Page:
2014 Honorees to Share their Stories at Special Awards Ceremony on May 6
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May 1, 2014 (Washington, DC) — The National Council for Behavioral Health (National Council) and Eli Lilly and Company are proud to announce the 2014 honorees of the prestigious Inspiring Hope Awards.
The Inspiring Hope Awards — building on the legacy of the Lilly Reintegration Awards and Welcome Back Awards — recognize individuals who have shown extraordinary tenacity and courage in battling serious mental illness and are living full lives and pursuing their goals. These awards also honor the clinicians, advocates, and organizations that care for and support these individuals in their journey.
“One in five Americans have a mental illness, yet only 20 percent seek and get the care they need,” said Salvador Garcia, MD, Vice President, Global Medical Affairs for Lilly Bio-Medicines. “We applaud the courage and commitment of these honorees in showing how to turn these troubling statistics around. They are brave enough to share their stories, to have the difficult conversations, to seek help and to reach out to others in need.”
An independent panel of mental health leaders selected the winners from an overwhelming pool of submissions. Donations of $10,000 are made to organizations of each winner’s choice.
“The National Council is proud to be the home for the Inspiring Hope Awards,” said Linda Rosenberg, President and CEO of the National Council. “We thank the honorees for sharing their compassion and their commitment; their innovation and their inspiration; their dedication and their dreams. And we thank Eli Lilly for supporting the honorees as they inspire our communities.”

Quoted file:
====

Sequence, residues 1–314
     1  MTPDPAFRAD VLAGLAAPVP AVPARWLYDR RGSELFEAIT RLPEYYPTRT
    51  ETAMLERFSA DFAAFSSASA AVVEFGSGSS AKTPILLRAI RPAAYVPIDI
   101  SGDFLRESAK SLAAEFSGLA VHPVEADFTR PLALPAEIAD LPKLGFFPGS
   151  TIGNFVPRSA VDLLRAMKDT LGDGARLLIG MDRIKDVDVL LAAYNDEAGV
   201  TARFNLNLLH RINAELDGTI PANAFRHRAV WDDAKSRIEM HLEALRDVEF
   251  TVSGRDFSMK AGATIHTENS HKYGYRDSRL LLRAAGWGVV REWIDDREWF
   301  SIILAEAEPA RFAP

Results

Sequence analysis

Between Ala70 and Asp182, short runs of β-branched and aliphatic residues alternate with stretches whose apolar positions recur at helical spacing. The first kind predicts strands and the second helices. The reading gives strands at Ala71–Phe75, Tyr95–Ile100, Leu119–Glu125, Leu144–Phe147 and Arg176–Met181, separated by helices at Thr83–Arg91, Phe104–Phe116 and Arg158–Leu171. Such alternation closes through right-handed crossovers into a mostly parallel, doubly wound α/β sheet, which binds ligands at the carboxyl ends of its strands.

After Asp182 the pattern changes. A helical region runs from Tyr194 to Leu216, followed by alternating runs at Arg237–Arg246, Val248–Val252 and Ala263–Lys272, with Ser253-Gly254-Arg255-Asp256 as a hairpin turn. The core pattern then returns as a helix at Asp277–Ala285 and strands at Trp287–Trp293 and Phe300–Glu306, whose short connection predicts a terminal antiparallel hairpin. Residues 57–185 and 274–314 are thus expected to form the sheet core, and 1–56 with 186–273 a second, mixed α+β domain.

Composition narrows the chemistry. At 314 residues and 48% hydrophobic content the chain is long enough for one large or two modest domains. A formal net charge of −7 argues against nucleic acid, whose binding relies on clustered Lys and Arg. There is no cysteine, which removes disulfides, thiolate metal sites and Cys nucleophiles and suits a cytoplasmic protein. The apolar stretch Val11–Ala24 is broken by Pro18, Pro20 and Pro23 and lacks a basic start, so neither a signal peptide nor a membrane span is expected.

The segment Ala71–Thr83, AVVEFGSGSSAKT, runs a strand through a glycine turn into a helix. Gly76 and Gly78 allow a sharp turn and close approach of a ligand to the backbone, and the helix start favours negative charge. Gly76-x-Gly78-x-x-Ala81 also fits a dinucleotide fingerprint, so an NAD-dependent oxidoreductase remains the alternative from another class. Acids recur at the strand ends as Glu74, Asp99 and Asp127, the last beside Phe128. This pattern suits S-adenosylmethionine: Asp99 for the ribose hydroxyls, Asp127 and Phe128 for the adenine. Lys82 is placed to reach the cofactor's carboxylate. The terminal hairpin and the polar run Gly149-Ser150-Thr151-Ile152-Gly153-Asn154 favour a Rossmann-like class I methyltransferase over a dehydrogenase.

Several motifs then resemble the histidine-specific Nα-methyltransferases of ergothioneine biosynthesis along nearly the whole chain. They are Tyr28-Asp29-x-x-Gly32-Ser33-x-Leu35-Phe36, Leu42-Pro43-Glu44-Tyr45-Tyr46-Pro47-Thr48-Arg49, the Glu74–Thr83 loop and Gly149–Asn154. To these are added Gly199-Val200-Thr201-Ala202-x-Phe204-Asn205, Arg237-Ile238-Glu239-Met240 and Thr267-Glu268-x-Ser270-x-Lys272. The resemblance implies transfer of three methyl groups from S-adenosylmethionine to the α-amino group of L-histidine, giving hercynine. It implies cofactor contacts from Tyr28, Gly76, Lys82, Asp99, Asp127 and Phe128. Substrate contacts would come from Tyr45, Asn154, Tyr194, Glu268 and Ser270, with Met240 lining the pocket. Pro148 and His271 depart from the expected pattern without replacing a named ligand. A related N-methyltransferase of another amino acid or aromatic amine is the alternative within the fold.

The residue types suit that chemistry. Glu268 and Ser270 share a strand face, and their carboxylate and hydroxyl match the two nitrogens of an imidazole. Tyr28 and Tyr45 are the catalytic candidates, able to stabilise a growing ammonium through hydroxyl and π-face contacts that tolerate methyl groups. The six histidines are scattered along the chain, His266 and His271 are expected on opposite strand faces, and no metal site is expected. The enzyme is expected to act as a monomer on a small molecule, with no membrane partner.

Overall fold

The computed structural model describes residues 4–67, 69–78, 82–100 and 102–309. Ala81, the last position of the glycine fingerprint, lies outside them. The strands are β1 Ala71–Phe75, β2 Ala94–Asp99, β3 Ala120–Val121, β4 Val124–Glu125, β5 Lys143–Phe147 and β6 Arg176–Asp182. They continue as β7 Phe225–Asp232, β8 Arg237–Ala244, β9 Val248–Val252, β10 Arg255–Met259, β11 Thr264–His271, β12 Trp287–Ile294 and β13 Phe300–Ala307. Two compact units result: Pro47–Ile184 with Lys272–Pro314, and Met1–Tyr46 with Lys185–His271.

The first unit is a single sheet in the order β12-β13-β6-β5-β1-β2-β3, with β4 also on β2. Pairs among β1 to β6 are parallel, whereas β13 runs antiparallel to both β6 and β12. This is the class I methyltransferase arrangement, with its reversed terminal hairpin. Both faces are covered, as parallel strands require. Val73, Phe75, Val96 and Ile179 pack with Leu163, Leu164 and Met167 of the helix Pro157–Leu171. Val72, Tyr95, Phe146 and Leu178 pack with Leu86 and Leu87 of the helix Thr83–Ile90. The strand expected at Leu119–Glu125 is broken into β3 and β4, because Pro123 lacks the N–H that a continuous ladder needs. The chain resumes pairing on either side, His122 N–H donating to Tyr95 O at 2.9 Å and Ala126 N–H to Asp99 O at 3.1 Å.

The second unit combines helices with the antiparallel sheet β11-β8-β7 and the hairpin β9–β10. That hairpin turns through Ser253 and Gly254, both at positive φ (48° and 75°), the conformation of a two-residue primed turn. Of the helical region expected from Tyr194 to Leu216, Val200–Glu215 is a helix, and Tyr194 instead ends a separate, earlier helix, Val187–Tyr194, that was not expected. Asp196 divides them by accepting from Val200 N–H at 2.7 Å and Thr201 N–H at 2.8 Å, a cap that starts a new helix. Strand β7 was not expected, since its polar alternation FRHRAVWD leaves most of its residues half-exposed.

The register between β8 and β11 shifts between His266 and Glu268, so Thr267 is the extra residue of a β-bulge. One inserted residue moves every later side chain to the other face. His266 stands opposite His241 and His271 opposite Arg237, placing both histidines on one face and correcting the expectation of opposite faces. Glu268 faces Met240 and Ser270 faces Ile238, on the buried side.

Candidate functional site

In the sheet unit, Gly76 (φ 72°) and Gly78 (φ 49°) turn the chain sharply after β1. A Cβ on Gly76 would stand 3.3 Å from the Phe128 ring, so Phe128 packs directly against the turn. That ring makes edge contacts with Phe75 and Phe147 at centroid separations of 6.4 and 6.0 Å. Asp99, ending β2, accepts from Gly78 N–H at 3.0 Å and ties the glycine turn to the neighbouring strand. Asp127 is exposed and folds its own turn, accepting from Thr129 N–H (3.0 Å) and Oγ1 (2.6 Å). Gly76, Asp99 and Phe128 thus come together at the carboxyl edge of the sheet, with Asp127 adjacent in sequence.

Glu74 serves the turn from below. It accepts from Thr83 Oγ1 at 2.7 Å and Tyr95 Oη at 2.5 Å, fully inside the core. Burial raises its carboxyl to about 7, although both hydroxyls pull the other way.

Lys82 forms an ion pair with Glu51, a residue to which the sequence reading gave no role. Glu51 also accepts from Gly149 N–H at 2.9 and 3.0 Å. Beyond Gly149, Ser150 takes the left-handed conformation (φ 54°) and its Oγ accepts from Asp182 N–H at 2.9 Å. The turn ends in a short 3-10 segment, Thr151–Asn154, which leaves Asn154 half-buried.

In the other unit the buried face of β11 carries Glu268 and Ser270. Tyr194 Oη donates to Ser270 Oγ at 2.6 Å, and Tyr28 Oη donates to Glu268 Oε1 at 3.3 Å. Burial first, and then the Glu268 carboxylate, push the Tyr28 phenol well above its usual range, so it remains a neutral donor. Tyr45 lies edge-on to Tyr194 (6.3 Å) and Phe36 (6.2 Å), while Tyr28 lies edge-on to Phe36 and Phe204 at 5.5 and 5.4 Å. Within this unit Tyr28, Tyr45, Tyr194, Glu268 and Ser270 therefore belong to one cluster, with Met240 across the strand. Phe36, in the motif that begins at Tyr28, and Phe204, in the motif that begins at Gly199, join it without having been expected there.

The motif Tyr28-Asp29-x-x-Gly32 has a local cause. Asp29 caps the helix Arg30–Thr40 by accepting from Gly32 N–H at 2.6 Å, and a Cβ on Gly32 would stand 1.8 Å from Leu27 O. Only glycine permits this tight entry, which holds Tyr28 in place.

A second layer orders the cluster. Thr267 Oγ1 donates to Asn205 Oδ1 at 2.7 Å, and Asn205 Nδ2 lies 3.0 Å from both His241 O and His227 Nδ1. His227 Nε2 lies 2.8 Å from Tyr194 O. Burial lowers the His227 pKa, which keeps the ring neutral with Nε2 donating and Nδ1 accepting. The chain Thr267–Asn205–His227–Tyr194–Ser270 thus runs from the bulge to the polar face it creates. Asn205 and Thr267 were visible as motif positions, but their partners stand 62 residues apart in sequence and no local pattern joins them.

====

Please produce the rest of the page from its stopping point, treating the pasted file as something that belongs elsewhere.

The 2014 honorees will be recognized for their achievements at the Awards of Excellence celebration in Washington, DC on Tuesday, May 6 in conjunction with the National Council’s Conference. This year’s guest of honor is Patrick Kennedy, one of the mental health and substance use field’s most recognized and influential crusaders.
For a full list of honorees, visit www.thenationalcouncil.org/about/awards/.
Bill Protzmann, Music Teacher, Friend to Friend Program, Episcopal Community Services
Music helped Protzmann on his own journey to recover from schizophrenia and chronic depression to experience his pain in a safe space and work through his emotions. He now shares his healing experience with others with mental illness, survivors of abuse and cancer, children with emotional disturbances and their parents, the terminally ill, caregivers, and senior citizens.
Keith Schafer, Director, Missouri Department of Mental Health
For 27 years, Schafer has improved the lives of thousands of people with mental and substance use disorders. His ability to connect data and metrics with real-life stories of recovery has helped to sustain essential services in Missouri during a time of historic budget decline.
Doc of the Year
Syed Arshad Husain, Medical Director, Pathways Community Health
A psychiatrist by training, a teacher by nature, and a humanitarian at heart, Dr. Husain has turned devastation to hope for thousands of children around the world whose lives have been torn apart by trauma. He established the International Center for Psycho-Social Trauma and led a team to Bosnia in the mid-90s to work with children in refugee camps. He also serves as mentor to many psychiatrists and is a prolific author and sought-after speaker.
Andrew Steward, Graduate Student, University of Denver
Steward started to experience psychosis in college. Fear of stigma caused anxiety, shame, and social withdrawal for six long years. Now he’s getting ready to graduate from the University of Denver with a master’s in social work. While earning his music degree, he was a past recipient of a Lilly Reintegration Scholarship and is about to become a certified music practitioner who can offer music as therapy.
Kenneth Whiddon, Chief Operating Officer, AmerICANWork
In 1999, Whiddon started AmerICANWork to help community behavioral health organizations run supported employment and work programs. Today his company’s programs help hundreds of people disabled by mental illness get back into the workforce.
Integration & Wellness
Lone Star Circle of Care, Georgetown, TX
In 12 years, Lone Star grew from a small primary care clinic to a health home for more than 100,000 Texans with more than 30 locations. The National Committee for Quality Assurance has recognized Lone Star as a level 3 patient-centered medical home. Nearly 90 percent of patients report that they have same-day access to care.
Mental Health Professional of the Year